MABE Orphanage -- Port au Prince, Haiti

MABE Orphanage -- Port au Prince, Haiti

Monday, August 4, 2014

2014 Haiti Journal #3 "No Skin"

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“Port au Prince is a city so naked it has no skin,” warns Jonathan Katz. 

True. We saw its raw body shaken to the bone four years ago with the historic earthquake then watched, literally, as those bones were sifted and lifted out of the rubble for burial and so that very rubble could be sold for scrap.

Now, people want to know what shape PAP is in. One third of the country’s population was swept into the capital city by manipulated foreign policies, hunger and desperation; she reels under the weight. 

Sickened and with still thousands homeless, she searches for relief. There is still no clean water running through her pipes and no sewage sanitation, though now nearly nine thousand dead from that condition combined with UN introduced cholera. Electricity is still a random-hours-a-day luxury. Her children are still being abandoned (two were offered to our team this week by blank-eyed and hopeless parents) and her remaining children are too often dependent on random acts of charity for a warm meal a day and hope for a chance at education.

Three days after the quake we carried hundreds of pounds of medicine and supplies that even Doctors Without Borders had run out of. A dozen trips later, we stare into PAPs face again. She is trying to pull herself together a bit. Some big new buildings are going up; now you don’t see garbage being burned on every street corner; and there are fewer UN troops with automatic weapons pointed at anyone with a camera.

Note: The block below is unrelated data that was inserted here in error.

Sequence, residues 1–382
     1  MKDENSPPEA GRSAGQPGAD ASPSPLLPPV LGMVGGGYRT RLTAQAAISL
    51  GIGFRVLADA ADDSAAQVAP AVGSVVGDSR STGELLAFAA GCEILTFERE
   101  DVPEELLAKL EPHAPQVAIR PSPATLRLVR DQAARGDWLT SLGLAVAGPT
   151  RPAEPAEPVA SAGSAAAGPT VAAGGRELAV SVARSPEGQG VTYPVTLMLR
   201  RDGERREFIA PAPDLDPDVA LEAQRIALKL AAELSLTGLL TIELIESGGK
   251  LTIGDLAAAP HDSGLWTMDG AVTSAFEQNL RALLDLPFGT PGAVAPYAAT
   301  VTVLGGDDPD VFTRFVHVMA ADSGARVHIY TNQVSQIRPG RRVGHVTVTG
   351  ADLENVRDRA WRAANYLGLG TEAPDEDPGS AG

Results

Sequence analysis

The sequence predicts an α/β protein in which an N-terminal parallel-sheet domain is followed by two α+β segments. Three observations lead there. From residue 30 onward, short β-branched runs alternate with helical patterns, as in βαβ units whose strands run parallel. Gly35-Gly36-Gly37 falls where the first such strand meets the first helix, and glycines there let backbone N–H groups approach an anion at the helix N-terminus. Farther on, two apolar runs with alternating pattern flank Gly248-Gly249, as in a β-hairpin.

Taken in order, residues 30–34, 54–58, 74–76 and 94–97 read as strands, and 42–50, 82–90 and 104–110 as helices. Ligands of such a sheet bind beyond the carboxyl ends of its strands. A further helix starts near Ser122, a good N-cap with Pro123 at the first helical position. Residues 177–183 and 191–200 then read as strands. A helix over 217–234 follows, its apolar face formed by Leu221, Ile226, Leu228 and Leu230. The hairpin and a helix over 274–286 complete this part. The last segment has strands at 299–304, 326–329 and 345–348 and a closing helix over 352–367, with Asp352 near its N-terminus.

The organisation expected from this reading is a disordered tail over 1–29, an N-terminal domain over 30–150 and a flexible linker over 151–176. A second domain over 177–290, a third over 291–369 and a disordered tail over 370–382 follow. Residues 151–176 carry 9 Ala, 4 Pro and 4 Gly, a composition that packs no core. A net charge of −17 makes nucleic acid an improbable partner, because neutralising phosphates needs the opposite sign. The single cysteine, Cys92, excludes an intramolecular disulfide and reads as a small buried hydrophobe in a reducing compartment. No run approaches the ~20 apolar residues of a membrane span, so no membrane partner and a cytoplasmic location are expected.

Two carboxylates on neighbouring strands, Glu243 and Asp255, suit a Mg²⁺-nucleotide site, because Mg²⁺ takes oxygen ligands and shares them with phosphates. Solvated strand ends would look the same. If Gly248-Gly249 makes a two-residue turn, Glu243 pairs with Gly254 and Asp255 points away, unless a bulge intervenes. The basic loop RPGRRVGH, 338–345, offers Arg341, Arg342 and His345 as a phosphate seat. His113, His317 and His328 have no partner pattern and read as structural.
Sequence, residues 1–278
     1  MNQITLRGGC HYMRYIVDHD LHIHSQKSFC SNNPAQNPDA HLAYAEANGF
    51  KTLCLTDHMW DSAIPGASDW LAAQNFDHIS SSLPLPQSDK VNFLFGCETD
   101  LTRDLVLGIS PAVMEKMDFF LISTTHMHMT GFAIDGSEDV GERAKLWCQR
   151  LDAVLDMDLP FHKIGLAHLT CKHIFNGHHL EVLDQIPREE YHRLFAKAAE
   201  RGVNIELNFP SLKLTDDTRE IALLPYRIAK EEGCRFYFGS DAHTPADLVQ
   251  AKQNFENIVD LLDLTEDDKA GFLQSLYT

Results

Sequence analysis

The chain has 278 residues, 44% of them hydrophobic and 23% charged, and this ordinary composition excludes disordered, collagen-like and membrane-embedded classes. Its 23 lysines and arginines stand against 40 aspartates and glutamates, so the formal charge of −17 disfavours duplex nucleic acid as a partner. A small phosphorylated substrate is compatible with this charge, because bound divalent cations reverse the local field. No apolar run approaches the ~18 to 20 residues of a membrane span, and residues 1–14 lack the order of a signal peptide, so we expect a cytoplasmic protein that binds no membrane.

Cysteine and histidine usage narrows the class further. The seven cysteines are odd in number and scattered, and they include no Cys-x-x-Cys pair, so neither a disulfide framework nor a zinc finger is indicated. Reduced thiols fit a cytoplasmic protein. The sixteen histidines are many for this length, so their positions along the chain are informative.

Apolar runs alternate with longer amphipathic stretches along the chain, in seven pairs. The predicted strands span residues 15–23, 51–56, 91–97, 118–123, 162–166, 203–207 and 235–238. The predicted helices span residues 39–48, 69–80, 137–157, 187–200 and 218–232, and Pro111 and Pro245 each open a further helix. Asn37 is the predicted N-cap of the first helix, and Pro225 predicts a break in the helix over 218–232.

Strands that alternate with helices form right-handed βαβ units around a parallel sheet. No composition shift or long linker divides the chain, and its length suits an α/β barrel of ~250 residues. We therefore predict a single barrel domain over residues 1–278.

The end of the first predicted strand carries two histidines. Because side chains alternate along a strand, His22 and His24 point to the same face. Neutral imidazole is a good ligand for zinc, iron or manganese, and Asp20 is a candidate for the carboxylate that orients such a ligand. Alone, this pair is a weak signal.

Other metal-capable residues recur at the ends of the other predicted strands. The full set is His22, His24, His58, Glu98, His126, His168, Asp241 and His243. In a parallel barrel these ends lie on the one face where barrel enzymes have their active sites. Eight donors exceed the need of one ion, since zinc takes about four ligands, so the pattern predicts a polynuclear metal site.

The Royal Oasis (Clinton/Bush) Hotel found it rather distasteful to have to stare across the city cavern at a hillside of impoverished shanties, so the only business savvy thing to do was to squander elusive Haitian dollars not on water, electricity or education, but on a fresh coat of paint for those crumbling shanties. 

PAP stands still - although mutedly - as her face is painted.

This week we helped patch up her hungry, sick and homeless a bit – as the following journals will tell, and though there are still too many struggling, we found strength in the resiliency of her people. 

Like the corn stalks we saw growing in the gutter, 


Haiti will find a way.

Her women, in particular, showed us their heart, shared their music and taught us the real meaning of solidarity and strength. 

peace all ways and always, Leisa

Children's Hope
3025A Cambridge Road
Cameron Park, CA 95682

Professor Leisa Faulkner, University of the Pacific; Folsom Lake College; Founder, Children’s Hope

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